Jonathan Chait contends that “Real budget wonks who circulate among genuine experts often fail to understand the degree to which the public debate is driven by pure hacks.” Further, “The same basic phenomenon can be seen is debates over climate change, supply-side economics, and other issues. You have a whole ideological movement that, to a substantial degree, relies upon the pseudo-expertise of cranks and hacks.” David Kurtz thinks these folks “give anti-Enlightenment conservatives a patina of intellectual legitimacy.”
Noah Millman makes an even broader claim, that somewhere along the way conservative intellectuals ceased to be intellectuals but rather advocates for Establishment views favored by funders. Kevin Drum isn’t so sure that this is a recent phenomenon.
I don’t think this is quite right. There are oodles of conservative intellectuals out there, whether on university campuses, the journalistic circuit, the blogs, or whathaveyou. But I’d agree that the Official House Organs of the Conservative Movement are increasingly orthodox and that the hacks seem to get most of the airtime.
Partly, I think, it’s a function of network effects. People who book shows are looking for people with recognizably conservative views, and the Official House Organs of the Conservative Movement are the obvious places to look. And not only is it hard to get hired at those places if you’re far outside the orthodoxy but your views are likely to more closely approach the orthodoxy if you’re surrounded by people steeped in it. (The reverse is also true: Conservatives or liberals surrounded by reasonable and friendly people of the opposite persuasion will naturally moderate their views over time.)
Partly, too, there’s a self-selection effect. As the house blogger (among other things) at the Atlantic Council, I frequently write about breaking topics in the foreign policy realm. Sometimes, it’s about something in which I’m expert or close enough to expert that I’ve got a strong opinion. Sometimes, it’s very important to our constituency that I have to get something up quickly (and thus don’t have time to solicit and wait for a genuine expert to write something) but sufficiently outside the scope of my interests or expertise that all I can do is aggregate the news and commentary that’s out there in a way that’s hopefully of use to the reader.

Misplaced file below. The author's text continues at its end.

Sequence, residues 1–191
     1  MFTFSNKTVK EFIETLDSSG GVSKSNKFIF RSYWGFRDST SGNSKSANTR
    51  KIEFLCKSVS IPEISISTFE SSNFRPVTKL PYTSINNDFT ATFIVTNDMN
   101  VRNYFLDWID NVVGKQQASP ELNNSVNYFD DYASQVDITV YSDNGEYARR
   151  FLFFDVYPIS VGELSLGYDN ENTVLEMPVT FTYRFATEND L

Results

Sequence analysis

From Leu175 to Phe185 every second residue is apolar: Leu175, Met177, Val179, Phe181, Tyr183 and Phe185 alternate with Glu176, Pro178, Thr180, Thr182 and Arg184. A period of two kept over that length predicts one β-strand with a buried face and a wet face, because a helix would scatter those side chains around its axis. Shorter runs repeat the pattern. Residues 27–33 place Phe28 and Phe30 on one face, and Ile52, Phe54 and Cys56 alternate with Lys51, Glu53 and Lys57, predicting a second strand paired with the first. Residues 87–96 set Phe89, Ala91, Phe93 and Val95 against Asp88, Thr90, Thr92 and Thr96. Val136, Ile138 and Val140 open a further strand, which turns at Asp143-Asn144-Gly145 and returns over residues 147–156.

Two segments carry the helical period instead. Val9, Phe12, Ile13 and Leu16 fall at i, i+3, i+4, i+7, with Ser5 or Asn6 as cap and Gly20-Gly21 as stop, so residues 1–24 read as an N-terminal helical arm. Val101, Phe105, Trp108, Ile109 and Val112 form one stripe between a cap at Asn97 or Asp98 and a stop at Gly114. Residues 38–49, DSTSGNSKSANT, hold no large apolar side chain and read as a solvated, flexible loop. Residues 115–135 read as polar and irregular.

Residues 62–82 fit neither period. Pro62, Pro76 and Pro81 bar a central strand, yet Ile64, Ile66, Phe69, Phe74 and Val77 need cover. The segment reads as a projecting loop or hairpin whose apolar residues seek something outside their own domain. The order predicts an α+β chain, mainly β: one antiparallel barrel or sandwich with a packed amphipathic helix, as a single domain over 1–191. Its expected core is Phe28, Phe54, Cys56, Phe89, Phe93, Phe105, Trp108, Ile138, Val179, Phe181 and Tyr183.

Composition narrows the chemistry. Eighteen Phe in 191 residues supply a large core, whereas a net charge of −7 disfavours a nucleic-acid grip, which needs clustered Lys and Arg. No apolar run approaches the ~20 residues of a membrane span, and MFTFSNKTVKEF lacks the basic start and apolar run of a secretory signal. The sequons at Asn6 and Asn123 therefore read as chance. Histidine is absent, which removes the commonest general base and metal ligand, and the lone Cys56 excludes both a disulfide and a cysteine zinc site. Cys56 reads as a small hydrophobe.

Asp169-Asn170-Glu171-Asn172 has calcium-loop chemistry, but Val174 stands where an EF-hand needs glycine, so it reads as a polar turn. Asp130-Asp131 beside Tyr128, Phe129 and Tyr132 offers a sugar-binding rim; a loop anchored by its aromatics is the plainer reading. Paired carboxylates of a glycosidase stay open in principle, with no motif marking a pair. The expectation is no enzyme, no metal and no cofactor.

Quite frequently, I’ll be approached by the booker of a show to talk about one of these second types of posts. For example, last night, a major international network asked me to be a guest this morning to talk about the mess in Kyrgyzstan. I thanked them for their invitation and expressed interest in appearing again at some point in the future, but politely declined the offer — as I frequently do — on the basis that I simply don’t know the subject well enough. [UPDATE: I’ve now turned down a second request from another major international outlet. Sigh: They almost always approach me after one-off posts rather than things in my wheelhouse.]
I’ve watched enough news television and heard enough news radio to know that this stance is unusual. There are clearly people who will show up any time, anywhere, to talk about anything. But that pretty much defines a hack. Doing that reduces you to regurgitating a few talking points you’ve picked up and steering the conversation back to them.
But guess what? The incentive is to do precisely that. Producers love guests they can count on in a moment’s notice and whom they can comfortably pigeonhole ideologically. And talking points make for breezy sound bytes and conflict, whereas people like me tend to talk in paragraphs and shades of gray. Outside of a handful of longer form venues like NPR, that’s not what they’re looking for.
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